Camiele’s 100 Favorite Frightening Films of All Time: 60-41
And here we get into the gross part of the list. Films 60-41 are mostly some of the most gratuitous, goriest horror films I’ve ever seen. Why I love these films I have no idea, but at the halfway mark of the list, it’s about time things get a little messy, don’t you agree?
60. From Dusk ’til Dawn
Without a doubt, Quentin Tarantino is one of the most polarizing filmmakers in the business. With his love of all things roadhouse and a penchant for his characters to be some of the most morally bankrupt human beings in existence, it makes sense. However, love him or hate him, the man knows how to entertain. From Dusk ’til Dawn is one of those movies that manages to actually force the viewers to assess their own moral compasses. On the one hand, you have an entire hoard of blood-sucking demons who use seduction in the form of snake charmer and all around goddess Selma Hayek to lure unsuspecting criminals and rapists to their den. Then you have our two main characters: George Clooney playing the damaged yet incredibly charismatic thief, and Quentin Tarantino himself playing the madman rapist. Ultimately you have to wait ’til the sun comes up to realize who’s really good and who’s truly evil.
59. Macabre (Rumah Dara)
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Yeah, I can’t even properly put into words just who crazy this film is. Indonesia’s answer to The Texas Chainsaw Massacre, Macabre is the type of movie you watch to warn people off picking people up on the side of the road. Of course, if you’re in a group of friends, you’re bound to have that one that must get laid at all costs. Strap him to the seat and cover his mouth in duct tape, because his raging libido is going to land you all in a world of hurt. Macabre does exactly what its 1970s American predecessor does but with a sleek sophistication that makes it all the more unnerving. The mother is beyond gorgeous with a voice that could melt you like butter. But Mother Dearest here is actually the epitome of evil, the mastermind behind the night of pain and torture our unsuspecting band of friends are wrapped in until the very last moment of the film.
58. Vampire Hunter D (吸血鬼バンパイアハンターD)
One of the first anime films I ever saw… in middle school. I suppose that informs my taste in anime, seeing Vampire Hunter D in middle school–granted sneaking to watch it because, yeah, no twelve-year-old needs to be watching a movie like this. A graphic, sex-filled little romp through post-apocalyptic Japan, this movie remains one of the most intense film viewing experiences I ever had a child. If I were looking for a way out of my never-ending cycle of horror, this was not the film to do it with. There was almost no respite from the sex, blood, and gruesome imagery from the moment the film started.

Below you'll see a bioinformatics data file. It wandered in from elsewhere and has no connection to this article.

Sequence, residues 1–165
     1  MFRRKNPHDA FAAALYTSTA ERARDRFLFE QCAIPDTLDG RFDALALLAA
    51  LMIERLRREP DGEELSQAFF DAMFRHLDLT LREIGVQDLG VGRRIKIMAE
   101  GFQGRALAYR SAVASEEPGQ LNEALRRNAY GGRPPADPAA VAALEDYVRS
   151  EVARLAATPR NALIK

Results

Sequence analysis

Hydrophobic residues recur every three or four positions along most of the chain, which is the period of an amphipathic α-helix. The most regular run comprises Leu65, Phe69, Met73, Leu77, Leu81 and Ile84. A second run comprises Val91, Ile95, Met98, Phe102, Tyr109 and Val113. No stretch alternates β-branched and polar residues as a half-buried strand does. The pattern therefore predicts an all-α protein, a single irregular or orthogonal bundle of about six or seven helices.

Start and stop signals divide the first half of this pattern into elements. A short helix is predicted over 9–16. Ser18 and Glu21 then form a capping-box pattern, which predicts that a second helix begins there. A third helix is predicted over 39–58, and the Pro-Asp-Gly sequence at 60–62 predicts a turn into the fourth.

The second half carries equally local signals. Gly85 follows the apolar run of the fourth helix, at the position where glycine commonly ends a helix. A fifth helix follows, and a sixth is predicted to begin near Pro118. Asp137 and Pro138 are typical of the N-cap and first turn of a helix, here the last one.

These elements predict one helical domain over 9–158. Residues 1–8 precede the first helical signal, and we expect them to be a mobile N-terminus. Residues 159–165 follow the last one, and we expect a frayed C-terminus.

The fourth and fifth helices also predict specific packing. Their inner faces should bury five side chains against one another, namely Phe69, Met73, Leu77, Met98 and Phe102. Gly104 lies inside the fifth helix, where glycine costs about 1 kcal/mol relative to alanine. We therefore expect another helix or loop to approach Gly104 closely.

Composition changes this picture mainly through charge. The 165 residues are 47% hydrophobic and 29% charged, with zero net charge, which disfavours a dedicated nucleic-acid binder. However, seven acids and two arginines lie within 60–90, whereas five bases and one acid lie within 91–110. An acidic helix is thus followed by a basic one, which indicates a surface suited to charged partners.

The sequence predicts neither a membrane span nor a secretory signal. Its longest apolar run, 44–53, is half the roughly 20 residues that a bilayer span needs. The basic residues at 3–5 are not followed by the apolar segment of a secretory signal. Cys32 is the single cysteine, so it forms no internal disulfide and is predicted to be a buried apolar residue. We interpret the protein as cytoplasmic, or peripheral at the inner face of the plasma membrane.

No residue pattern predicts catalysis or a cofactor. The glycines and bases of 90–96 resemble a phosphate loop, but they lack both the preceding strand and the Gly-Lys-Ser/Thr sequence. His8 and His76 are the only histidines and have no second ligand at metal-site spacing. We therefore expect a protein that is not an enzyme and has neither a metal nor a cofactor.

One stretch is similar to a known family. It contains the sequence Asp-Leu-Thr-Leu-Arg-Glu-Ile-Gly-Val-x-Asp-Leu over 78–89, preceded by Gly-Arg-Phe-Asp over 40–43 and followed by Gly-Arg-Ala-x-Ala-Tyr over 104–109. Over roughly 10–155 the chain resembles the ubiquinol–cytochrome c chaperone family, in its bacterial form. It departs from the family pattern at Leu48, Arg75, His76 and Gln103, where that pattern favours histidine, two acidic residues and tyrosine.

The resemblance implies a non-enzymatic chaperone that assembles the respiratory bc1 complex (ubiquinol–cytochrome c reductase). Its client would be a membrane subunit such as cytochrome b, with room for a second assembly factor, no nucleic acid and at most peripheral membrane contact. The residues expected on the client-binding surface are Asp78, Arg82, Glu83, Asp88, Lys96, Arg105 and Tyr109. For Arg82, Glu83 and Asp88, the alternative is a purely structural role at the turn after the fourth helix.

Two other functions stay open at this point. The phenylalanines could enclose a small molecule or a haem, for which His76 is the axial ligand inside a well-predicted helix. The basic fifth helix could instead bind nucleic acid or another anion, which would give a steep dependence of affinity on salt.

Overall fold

57. Pet Sematary (1989)
Another film whose smaller moments would haunt me forever. Of course, I’m a softie when it comes to babies and pets. This film, of course, would have both and feature them getting killed and resurrected by a desperate father. Most Stephen King adaptations predating the ’90s were overall pretty fantastic, following the books almost to the letter and putting on screen the nightmares King manages to paint on page. Pet Sematary was another one of those films “under the radar” my father introduced me to. Obviously it made a lasting impression on him, and with good reason. It’s not always easy to tell a ghost story. Of course, if there’s anyone to get the job done it’s Stephen King.
56. Snow White and the Seven Dwarfs (1937)
Gotta hand it to Disney. They sort of went for the jugular in all their animated films pre-’90s (what many dub the “Golden Era” of Disney). Though their films throughout the decade did feature some pretty harrowing scenes, nothing quite beats just how twisted they were when they adapted Grimms’ Fairy Tales to the screen. Never mind the premise of the story is this jealous ice queen plotting ways to murder her step-daughter, it features probably one of the more terrifying on-screen transformations. The queen turning into an old hag, her voice becoming as gnarled as her features, then the poisoning of the apple itself–the thick green goop dripping down in the shape of a skull, leaving zero to the imagination as to what its purpose is. Don’t pretend you wouldn’t screech if you saw this gnarled old lady standing in your doorway unannounced. Snow White and the Seven Dwarfs really did pack in a lot of terror in those 80 minutes.